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Coaches Close-up: Brett Davey

31 October 2011

  • Doncaster Knights Head Coach Brett Davey on his side's mixed start to the season
  • Confident Knights can push to be top side in Yorkshire – Davey
Doncaster Knights' head coach Brett Davey features in this month's Coaches Close-up

Photo: RFU Archive

With a rugby career spanning 15 years, including time at fellow RFU Championship clubs Bristol Rugby and Cornish Pirates, Doncaster Knights Head Coach Brett Davey talks exclusively to the RFU Championship about his club's aspirations for the top and which sides could make the journey difficult.

Q. Doncaster’s results so far this season are very mixed, with three wins, four losses and one. What do you put that down to?

A. We purposefully left ourselves short at the start of the season as this is a tough campaign and with a squad of 29 players we had to adjust our training methods to make training less contact orientated.

I don’t feel that we have been inconsistent as this was part of the plan; the first two league games were about the new players finding out what this league was all about. This season was always going to be hard for us competing with the bigger sides and the bigger squads, but I am pleased where we are right now.

Q. How have your new signings fitted into the club set-up since joining in the summer and have you felt the loss of former players, such as Matt Williams?

A. The new signings have fitted in really well and they have gelled together with the players who stayed from last year. There were a few players who we wanted to stay, but unfortunately they took the decision to leave as we were not able to compete with other sides in the league financially.

While the economic climate remains as it does we have to cut our cloth accordingly and sacrifices had to be made. The club remains the most important thing here and players will always come and go; but we are the custodians of the club at the moment and the players who signed here have my full confidence.

As a coach you hope to improve all players and while this is a results based industry I feel that developing players is of huge importance. It is very easy to think 'what might have been' with players who left, but there were some who didn’t have the club at heart and this showed in some big games last season.

Q. Do you believe that Doncaster can challenge for the title this season?

A. One thing about this league is that any side can beat anyone on any given day; that’s what makes this such an exciting league to be part of. We have a plan in place and apart from one big blip so far that plan is very much still intact. 

We came a lot closer than people gave us credit for last season and I would like to think that we have learned some really good lessons in balancing our campaign. Injuries are obviously important in any campaign, but I maintain that if we get to the play-offs with a squad fully fit then we are equally as capable of winning it as any side.

Q. Who do you see as your main threat(s) in this competition?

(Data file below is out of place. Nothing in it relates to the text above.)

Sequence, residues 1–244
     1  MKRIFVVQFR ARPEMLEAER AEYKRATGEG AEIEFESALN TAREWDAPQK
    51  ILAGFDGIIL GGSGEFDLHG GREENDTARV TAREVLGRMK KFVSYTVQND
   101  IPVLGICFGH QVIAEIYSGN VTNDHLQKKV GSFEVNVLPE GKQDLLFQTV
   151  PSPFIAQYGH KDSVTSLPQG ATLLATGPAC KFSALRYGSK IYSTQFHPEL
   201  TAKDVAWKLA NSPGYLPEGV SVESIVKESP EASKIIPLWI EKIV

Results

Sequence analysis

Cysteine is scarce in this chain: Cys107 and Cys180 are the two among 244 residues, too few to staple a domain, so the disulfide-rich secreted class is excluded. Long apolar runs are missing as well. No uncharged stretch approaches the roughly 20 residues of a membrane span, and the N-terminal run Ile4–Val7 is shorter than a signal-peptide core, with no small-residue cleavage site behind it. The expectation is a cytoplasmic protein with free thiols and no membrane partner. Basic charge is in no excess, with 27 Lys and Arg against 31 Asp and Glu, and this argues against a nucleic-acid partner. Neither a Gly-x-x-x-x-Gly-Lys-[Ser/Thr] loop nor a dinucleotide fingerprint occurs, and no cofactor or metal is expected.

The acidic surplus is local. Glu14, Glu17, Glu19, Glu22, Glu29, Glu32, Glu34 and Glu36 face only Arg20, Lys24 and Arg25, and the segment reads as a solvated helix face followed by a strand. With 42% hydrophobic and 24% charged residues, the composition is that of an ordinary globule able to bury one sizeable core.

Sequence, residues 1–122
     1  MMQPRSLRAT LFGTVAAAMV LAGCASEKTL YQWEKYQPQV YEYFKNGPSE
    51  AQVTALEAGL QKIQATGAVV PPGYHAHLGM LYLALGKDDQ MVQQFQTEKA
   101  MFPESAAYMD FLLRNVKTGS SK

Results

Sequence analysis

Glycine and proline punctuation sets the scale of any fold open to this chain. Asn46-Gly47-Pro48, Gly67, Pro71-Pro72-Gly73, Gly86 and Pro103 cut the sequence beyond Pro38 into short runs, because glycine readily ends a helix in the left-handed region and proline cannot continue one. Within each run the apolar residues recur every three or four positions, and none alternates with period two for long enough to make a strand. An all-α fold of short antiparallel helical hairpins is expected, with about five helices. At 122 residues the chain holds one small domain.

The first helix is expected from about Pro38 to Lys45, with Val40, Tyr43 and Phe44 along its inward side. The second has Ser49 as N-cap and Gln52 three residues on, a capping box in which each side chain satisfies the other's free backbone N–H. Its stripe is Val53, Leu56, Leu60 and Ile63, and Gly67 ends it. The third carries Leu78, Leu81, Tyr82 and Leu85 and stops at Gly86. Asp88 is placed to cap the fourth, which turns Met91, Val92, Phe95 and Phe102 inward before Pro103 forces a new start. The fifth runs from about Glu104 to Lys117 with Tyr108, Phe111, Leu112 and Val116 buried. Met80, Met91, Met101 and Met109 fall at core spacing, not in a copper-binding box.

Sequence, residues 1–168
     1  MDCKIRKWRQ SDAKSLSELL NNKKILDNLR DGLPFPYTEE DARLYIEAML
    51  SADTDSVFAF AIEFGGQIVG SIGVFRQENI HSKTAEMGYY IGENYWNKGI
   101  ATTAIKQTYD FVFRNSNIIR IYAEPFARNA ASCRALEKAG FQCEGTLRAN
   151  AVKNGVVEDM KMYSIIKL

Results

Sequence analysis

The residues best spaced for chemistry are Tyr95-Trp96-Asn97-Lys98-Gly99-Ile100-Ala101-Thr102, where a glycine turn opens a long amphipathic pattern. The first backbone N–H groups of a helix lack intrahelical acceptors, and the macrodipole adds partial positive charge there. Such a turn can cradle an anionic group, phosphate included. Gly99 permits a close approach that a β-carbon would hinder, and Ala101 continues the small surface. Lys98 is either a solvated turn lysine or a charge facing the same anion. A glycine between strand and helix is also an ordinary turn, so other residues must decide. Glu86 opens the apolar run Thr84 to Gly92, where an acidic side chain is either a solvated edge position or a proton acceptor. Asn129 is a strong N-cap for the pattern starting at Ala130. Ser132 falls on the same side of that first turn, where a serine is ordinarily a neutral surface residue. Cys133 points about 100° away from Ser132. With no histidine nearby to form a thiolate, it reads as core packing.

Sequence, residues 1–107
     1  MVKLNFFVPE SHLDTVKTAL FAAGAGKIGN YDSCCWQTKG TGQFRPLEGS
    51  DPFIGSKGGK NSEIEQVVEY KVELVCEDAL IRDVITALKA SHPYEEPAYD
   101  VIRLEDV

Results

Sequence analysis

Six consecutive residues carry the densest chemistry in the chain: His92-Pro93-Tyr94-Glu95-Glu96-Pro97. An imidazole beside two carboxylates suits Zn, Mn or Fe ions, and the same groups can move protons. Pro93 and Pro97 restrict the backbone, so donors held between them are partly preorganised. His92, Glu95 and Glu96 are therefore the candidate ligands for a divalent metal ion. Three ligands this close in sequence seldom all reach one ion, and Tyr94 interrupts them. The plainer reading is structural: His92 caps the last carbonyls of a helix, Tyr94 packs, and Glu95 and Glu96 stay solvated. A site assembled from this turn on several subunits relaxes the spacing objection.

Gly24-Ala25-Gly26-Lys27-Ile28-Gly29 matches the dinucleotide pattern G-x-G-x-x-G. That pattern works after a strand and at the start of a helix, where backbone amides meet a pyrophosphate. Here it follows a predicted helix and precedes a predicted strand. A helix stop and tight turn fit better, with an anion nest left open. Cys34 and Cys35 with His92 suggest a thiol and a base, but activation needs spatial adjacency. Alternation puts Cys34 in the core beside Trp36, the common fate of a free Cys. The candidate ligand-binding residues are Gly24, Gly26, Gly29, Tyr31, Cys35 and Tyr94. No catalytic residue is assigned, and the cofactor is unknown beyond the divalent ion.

A. The main threats so far this season would be the sides with the biggest budgets and those that have links with Premiership clubs. Bristol, Pirates, London Welsh, Bedford and Nottingham have this in place and when it comes to the business end of the season I am sure these clubs will push on. Leeds will be a very dangerous animal when it comes to the end of season as they are a lot better than the start that they have had.

Q. Given the fewer number of professional clubs in North England compared to the South, do you think Doncaster can become the 'power house' of the North?

A. It is fair to say that northern English rugby has struggled of late, but this has to be because of the economic climate. Financially everyone is feeling the pinch and it will be interesting as to whether some of the southern clubs are paying out more on players than we are.

We are being sensible in these tough times and I am sure that will put us in good stead further down the line. We are not ready to be the 'power house' of northern rugby yet, as we do not have the infrastructure in place to achieve this; but again there is no reason why we shouldn’t push ourselves to be the top side in Yorkshire.

Q. How have you seen the RFU Championship develop during your involvement in the league?

A. The RFU Championship is starting to realise its potential within the rugby world. This season has already exposed quite a few players to live matches on sky sports TV and the fact they are searching for title sponsorship is testament to the commitment the league has of progressing.

Further exposure is a brilliant opportunity for the younger players to put themselves in the shop window and I would strongly recommend any young player who is not having game time in the Aviva Premiership to make the sacrifice and get playing regular rugby. You learn far more by playing than sitting on the bench every week.

The average age of squads has definitely come down in the past few seasons and this can only be a good thing. Giving young players the opportunity to play will keep everyone on their toes.


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